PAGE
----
We Need More Trials By Jury

The jury trial is the original citizen oversight panel. We need more of them.
by Dan Adams
June 20, 2020
Featured Image
Cropped view of the jury box, in a courtroom illustration (by Franklin McMahon) during the trial of the Chicago Eight, Chicago, Illinois, late 1969 or early 1970. The Eight, or Seven as they were known after Bobby Seale was severed from the case, were indicted for conspiracy and inciting a riot during the 1968 Democratic National Convention in Chicago, Illinois. Seale was sentenced to four years imprisonment for contempt, John Froines and Lee Weiner were acquitted on all charges, and the remaining five (Abbie Hoffman, Jerry Rubin, David Dellinger, Tom Hayden, and Rennie Davis) were convicted of inciting to riot, but the convictions were overturned on appeal. (Photo by Franklin McMahon/Chicago History Museum/Getty Images)

Activists spurred by the recorded murder of George Floyd are seeking to reform the two ends of the criminal justice system: the entrance (street level policing) and the exit (sentences rendered by judges). What’s missing from our national conversation is a demand for the revival of the most democratic element of the entire criminal justice system: the jury trial.

Because despite what you see on TV courtroom dramas, the criminal jury trial has been nearly extinguished from American courtrooms.

Juries are the original “citizens oversight panel” of the exercise of governmental power.

The Framers of the Constitution clearly understood the importance of the jury trial and ensconced jury trials into the Bill of Rights as the Sixth Amendment. The inclusion of the right to jury was not a new concern. It was listed among the criticisms of King George’s despotism in the Declaration of Independence, right alongside grievances about taxation without representation. (“For depriving us in many cases, of the benefits of Trial by Jury.”)

But jury trials have been nearly extinguished from American courthouses. According to the National Association of Criminal Defense Lawyers only 3 percent of state and federal cases go to trial. Which has made the American criminal courts a “system of pleas” rather than a “system of trials.”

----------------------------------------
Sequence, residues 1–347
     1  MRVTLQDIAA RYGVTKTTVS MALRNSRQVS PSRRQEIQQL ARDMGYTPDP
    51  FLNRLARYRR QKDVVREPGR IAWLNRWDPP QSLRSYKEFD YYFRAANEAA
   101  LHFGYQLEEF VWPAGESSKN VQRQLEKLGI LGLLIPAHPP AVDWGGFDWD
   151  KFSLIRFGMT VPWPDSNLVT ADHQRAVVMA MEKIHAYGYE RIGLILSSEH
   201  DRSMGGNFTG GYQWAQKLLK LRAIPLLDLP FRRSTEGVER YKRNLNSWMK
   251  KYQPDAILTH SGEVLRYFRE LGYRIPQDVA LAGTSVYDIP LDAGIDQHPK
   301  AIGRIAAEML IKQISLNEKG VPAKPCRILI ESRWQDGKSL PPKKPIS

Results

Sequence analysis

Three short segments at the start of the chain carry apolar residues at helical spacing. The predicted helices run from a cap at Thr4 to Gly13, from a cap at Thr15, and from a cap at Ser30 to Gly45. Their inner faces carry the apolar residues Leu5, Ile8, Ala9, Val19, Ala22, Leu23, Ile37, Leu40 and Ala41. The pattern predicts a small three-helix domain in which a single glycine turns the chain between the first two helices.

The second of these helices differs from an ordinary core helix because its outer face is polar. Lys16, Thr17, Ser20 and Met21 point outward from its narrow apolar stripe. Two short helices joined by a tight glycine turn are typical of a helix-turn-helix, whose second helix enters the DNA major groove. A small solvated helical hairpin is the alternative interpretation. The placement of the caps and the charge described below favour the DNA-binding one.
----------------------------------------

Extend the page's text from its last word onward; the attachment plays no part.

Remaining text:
How did this shift take place?

The dominance of the plea agreement is less the result of superior policing than shifts in penalties, overlapping criminal statutes, and the tacit agreement between prosecutors and judges to penalize defendants who take their case to trial and lose.

In other words, jury trials have been killed off by both legislative and bureaucratic pressure applied by the state against citizens charged with crimes. And because the blunt pressure of increased sentences disproportionately affects black and brown defendants across the country, this “system of pleas” is indeed indicative of an entire criminal justice process rife with inherent racism.


Starting in the mid-1980s, America’s “War on Crime” was put on steroids. Criminal penalties increased nearly across the board in most states and federally. For instance, in Wisconsin there were 300 percent to 700 percent increases in some penalties by felony classification.

Consider the following scenario: Stacy owns a failing hair salon with a substantial mortgage and modest insurance policy. In a moment of mental distress, she starts a fire in the salon’s attic at midnight. Minor damage ensues and no one is hurt. She later confesses and is indicted by the federal government. If Stacy and her attorney believe a trial is warranted to decide whether she is relieved of criminal liability because she was suffering from a mental disease and could not conduct herself according to the law (i.e. “not guilty by reason of insanity”) she has a huge wager to make.The lifting of the ceilings of potential punishments created huge, coercive leverage for prosecutors. With the potential risks to defendants so high, prosecutors could offer deals by either striking a particular charge with a larger potential penalty, or agreeing to argue to the sentencing court for a particular penalty far under the maximum. And defendants came to understand that if they failed to take these deals and lost at trial, then the sentencing court was likely to impose the largest potential penalties.